• News Feeds
Page last updated at 08:51 GMT, Wednesday, 3 March 2010
Today: Wednesday 3 March

PLEASE NOTE: We are unable to offer transcripts for our programme interviews. Today is broadcast live and the running order is subject to change.

To speed up the loading time for this running order, we have replaced the audio with links. To hear the reports, interviews and discussions, just click on the highlighted text.

One of the killers of the Liverpool toddler James Bulger has been sent back to prison for breaching the terms of his release. A scheme allowing parents to check if someone is a sex offender will be rolled out across England and Wales. And the Chairman of the BBC, Sir Michael Lyons, discusses the future of the corporation.

A report by the Hansard Society claims that an enormous number of us are not on the electoral roll and many local authorities are making only a "token effort" to encourage us to vote. The report's author, Dr Ruth Fox, looks at how many of us are likely to vote at the general election.

Baroness Ashton, the EU High Representative, is visiting Haiti and discusses her hopes for securing the country's long-term future.

Business news with Nick Cosgrove.

Who should pick up the bill if a mentally ill person is put in a care home outside the area where they live? That is the question that will be argued in the High Court today in a dispute between two local authorities: the London Borough of Hammersmith & Fulham and Sutton Council. Colin Stears of Sutton Council outlines the issue.

A folding plug and a BMW made of stretched fabric are among the entries for the Brit Insurance Designs of the Year awards. Sculptor Antony Gormley and Deyan Sudjic, director of the Design Museum in London, took a look at the entries for the awards.

Sports news with Garry Richardson.

The BBC's director general Mark Thompson announced yesterday he planned to cut some of the corporation's services and the saved money would be redirected mostly into the production of better programmes. Some of the BBC's "friends and foes" discuss the corporation's role in the developing world of digital media.

The paper review.

Actor Matt Damon and the British director Paul Greengrass describe their latest film depicting the war in Iraq. The thriller, Green Zone, details the search for weapons of mass destruction and the intelligence used to justify the war.

Thought for the day is Rev Rosemary Lain-Priestley, Dean of Women's Ministry in central London.

People across England and Wales will be able to check with the police whether individuals dealing with their children have any history of child sex offences. A similar scheme will operate in Scotland. Donald Findlater of the Lucy Faithfull Foundation discusses the new scheme with Margaret Ann Cummings, whose eight year-old son Mark was murdered by a convicted paedophile, Stuart Leggate, who lived in the same tower block as Margaret Ann Cummings' family.

Sir Michael Lyons, Chairman of the BBC Trust, gives his view on the suggestions by the BBC director general Mark Thompson to shut down two digital networks and cut back the BBC website.

The story of the Conservatives' biggest donor and deputy chairman, Lord Ashcroft, is not going away. This morning The Guardian publishes documents surrounding the granting of his peerage and the arguments around it. The BBC's political editor Nick Robinson details the latest twist in the story.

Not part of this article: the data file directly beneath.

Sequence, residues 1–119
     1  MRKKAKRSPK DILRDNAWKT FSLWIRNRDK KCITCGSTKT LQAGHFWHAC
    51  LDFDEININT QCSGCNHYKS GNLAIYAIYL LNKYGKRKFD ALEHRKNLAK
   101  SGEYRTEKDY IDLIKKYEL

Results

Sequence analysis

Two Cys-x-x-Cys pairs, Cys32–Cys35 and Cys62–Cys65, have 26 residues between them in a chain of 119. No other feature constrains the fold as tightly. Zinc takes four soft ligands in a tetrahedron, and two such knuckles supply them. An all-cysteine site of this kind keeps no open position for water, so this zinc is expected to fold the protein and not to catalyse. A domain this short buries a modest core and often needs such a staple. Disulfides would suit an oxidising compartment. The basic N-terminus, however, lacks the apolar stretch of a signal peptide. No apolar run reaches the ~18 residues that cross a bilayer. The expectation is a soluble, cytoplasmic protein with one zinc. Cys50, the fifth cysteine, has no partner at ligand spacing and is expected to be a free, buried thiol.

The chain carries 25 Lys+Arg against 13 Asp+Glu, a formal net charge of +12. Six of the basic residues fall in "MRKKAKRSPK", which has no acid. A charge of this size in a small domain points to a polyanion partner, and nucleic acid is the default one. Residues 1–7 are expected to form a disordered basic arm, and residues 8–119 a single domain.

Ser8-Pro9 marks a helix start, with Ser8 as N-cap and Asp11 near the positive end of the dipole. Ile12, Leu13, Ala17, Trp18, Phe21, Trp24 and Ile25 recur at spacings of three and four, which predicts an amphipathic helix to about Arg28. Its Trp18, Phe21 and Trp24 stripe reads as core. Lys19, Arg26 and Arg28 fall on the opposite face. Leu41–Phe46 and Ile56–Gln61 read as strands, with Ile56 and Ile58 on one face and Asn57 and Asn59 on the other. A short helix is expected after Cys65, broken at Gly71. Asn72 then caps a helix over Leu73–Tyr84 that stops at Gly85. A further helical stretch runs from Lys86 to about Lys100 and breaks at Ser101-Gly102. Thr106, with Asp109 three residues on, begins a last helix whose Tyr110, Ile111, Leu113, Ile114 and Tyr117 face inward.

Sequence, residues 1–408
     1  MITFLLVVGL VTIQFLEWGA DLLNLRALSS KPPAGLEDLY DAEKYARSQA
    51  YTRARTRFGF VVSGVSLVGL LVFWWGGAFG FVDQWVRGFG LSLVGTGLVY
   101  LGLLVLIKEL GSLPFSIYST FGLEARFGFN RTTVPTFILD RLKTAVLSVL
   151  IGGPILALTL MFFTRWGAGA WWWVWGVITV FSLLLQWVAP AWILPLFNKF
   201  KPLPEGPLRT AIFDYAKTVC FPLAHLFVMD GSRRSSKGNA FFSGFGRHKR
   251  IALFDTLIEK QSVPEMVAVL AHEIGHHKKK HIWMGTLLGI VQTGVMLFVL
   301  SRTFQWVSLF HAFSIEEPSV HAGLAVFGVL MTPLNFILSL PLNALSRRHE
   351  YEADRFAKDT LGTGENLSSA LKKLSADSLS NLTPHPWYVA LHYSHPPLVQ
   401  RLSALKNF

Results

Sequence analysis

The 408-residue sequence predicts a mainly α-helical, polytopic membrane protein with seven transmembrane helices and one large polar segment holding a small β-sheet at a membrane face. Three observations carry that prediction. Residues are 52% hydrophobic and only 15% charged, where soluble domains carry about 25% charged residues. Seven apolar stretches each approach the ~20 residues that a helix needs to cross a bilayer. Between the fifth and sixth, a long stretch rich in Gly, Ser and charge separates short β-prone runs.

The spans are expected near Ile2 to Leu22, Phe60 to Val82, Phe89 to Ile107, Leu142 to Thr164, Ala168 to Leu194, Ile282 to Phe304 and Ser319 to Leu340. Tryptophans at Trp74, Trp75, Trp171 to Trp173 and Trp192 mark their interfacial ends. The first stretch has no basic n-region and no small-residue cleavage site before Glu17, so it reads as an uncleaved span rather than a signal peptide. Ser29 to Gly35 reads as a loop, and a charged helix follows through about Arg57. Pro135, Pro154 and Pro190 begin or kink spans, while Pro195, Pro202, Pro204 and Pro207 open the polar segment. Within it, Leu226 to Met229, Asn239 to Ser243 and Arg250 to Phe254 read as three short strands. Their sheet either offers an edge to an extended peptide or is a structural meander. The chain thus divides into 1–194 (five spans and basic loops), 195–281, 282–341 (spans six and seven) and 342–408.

Sports news with Garry Richardson.

One of the killers of the Liverpool toddler James Bulger has been sent back to prison for breaching the terms of his release. Jon Venables was released on licence in 2001 after spending eight years in jail. The BBC's legal analyst Clive Coleman analyses the issues behind the decision.

Business news with Nick Cosgrove.

Labour peer Baroness Helena Kennedy and Daniel Finkelstein, the Times columnist and a former Conservative strategist, discuss how best to engage voters in the next few weeks and how to encourage them to go to the polls during the forthcoming general election.

Eel populations in Europe have been in dramatic decline since the 1980s. A European Commission recovery plan requires countries with a surplus of baby eels to set a proportion aside for restocking programmes in wild rivers. But a group devoted to seeing eels return in healthy numbers to Britain's waterways say the French are not playing by the rules. The BBC's environment correspondent Sarah Mukherjee reports from the banks of the River Severn, a major breeding site for eels.

A biography of Poland's most famous foreign correspondent, Ryszard Kapuscinski, claims that he was not quite what he seemed. Biographer and a former foreign correspondent Stephen Robinson and Deborah Haynes, who has reported from around the world for The Times, debate the often colourful reputation of foreign correspondents.

What should parents do if their children do not get into the secondary school of their choice? Lesley Surman of Parents Alliance and a school governor Ken Greenwood, whose daughter has failed to get into her third choice of school, discuss the Conservative party's proposal that parents should be able to set up their own schools.



Sign in

BBC navigation

Copyright © 2017 BBC. The BBC is not responsible for the content of external sites. Read more.

This page is best viewed in an up-to-date web browser with style sheets (CSS) enabled. While you will be able to view the content of this page in your current browser, you will not be able to get the full visual experience. Please consider upgrading your browser software or enabling style sheets (CSS) if you are able to do so.

Americas Africa Europe Middle East South Asia Asia Pacific